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Probate — Is It Really An Expensive Burden?

By David S. DeRose, Esq.

Local newspapers carry weekly advertisements for seminars on how to save time and money by avoiding probate. In fact, probate in Pennsylvania is not as burdensome as it is portrayed.

Upon death, the initial legal inquiry concerns assets in the deceased person’s name, such as real estate, stocks, bank accounts, vehicles and pensions. It is also necessary to identify what the deceased person owes, including mortgages, loans, charge accounts and medical expenses.

What Is The Probate Process?

Resources or debts in the deceased person’s name become part of probate, the formal process of reporting to the court. Probate includes listing, valuing and distributing property under court supervision. Any debts or charges owed, including all taxes assessed, must be paid prior to distributing the estate to the beneficiaries.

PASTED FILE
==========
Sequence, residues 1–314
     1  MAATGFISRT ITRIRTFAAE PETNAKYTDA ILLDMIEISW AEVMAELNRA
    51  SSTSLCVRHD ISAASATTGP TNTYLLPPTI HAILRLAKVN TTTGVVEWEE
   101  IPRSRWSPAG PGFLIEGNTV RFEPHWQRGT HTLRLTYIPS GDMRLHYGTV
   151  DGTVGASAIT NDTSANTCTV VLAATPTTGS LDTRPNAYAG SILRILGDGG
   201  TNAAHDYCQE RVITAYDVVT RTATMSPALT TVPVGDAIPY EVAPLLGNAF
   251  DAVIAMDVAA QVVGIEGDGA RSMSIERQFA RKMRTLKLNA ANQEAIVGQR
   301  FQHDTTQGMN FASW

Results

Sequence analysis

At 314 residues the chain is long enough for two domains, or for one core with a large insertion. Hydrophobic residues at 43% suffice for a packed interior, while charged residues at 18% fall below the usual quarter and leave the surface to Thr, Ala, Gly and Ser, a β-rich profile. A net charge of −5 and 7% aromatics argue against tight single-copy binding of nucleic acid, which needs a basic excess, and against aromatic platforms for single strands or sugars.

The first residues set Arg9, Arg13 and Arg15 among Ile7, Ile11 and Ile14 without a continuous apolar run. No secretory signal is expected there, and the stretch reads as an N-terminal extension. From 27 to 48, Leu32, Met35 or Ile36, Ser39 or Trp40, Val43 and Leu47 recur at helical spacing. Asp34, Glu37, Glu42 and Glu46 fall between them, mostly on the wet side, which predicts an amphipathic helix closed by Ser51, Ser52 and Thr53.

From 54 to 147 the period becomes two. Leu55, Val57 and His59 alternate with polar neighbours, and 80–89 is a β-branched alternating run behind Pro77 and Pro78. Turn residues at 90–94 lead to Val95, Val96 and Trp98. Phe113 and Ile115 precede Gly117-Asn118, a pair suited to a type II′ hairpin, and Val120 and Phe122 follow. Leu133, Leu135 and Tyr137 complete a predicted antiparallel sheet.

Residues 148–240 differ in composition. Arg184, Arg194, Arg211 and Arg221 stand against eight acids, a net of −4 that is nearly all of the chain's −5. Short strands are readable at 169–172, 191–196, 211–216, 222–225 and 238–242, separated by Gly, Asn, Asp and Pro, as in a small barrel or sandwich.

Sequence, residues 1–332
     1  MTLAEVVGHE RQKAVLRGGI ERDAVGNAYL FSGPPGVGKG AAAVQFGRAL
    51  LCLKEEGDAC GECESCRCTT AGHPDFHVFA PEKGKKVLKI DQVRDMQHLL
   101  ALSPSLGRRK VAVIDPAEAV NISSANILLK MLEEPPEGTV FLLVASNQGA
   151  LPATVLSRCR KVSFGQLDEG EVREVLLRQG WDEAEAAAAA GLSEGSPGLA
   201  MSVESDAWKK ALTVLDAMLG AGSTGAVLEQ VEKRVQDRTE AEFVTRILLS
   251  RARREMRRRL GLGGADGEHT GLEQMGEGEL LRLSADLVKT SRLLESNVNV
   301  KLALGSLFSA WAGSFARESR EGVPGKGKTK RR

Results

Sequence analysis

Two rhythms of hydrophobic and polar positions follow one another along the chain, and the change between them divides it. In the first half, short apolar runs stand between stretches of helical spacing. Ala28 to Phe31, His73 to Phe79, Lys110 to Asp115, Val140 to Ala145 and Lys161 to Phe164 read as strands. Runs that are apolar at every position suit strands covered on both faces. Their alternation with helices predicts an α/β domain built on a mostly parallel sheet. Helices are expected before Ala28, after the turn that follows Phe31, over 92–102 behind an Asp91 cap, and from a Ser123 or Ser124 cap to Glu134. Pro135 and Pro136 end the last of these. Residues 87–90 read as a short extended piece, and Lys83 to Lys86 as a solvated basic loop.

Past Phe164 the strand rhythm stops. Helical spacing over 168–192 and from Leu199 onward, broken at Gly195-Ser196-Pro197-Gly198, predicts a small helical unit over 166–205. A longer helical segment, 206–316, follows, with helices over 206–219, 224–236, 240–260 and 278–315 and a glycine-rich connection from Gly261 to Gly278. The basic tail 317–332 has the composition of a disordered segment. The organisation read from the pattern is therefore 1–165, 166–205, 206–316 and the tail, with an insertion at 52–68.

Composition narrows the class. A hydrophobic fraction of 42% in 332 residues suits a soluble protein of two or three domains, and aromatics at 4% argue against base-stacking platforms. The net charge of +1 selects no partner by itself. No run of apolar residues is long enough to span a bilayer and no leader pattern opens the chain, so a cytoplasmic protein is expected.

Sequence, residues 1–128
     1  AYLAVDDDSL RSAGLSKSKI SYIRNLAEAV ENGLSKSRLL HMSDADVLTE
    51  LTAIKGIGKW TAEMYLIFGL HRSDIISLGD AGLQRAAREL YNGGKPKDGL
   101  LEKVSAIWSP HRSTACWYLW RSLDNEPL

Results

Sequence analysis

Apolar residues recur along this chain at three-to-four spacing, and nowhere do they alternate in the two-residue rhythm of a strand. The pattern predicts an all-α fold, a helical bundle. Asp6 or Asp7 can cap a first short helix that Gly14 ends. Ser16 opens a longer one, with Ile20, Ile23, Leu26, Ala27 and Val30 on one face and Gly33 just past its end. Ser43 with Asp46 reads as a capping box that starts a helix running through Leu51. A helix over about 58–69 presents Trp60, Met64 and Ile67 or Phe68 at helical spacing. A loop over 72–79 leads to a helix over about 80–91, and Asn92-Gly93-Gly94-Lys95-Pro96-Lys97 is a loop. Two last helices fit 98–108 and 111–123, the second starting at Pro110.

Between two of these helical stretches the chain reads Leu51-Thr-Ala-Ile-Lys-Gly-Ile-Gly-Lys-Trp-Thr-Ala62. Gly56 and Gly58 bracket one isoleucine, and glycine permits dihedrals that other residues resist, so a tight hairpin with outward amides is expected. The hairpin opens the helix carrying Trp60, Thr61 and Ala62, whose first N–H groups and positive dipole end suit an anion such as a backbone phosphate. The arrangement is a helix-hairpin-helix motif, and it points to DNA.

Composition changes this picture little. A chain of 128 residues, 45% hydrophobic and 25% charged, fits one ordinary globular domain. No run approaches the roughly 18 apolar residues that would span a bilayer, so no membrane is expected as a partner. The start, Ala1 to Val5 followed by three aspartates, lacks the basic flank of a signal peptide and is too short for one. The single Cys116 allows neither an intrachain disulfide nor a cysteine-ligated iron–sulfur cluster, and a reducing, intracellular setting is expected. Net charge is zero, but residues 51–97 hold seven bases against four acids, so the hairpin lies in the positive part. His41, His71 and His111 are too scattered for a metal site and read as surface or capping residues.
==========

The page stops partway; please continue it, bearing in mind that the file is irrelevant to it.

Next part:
When a family member contacts an attorney to “file the will” with the Court, the person named as the personal representative (or executor) is appointed by the Register of Wills to administer the estate. If the deceased person didn’t have a will, a close family member will be appointed.

There is a cost for the Register of Wills’ services: a typical estate having less than $200,000 in value would be between $500 and $600. Another cost of probate is the requirement that the executor give notice of the filing of the estate in the newspaper. This fee is generally between $100 and $150.

The executor’s job is to safeguard and value the assets owned by the deceased person at the time of death. If the deceased person owned real estate, an appraisal may be needed at an approximate cost of $350. In certain circumstances, attorneys know of alternative procedures that can avoid the cost of appraisals or reduce other probate fees.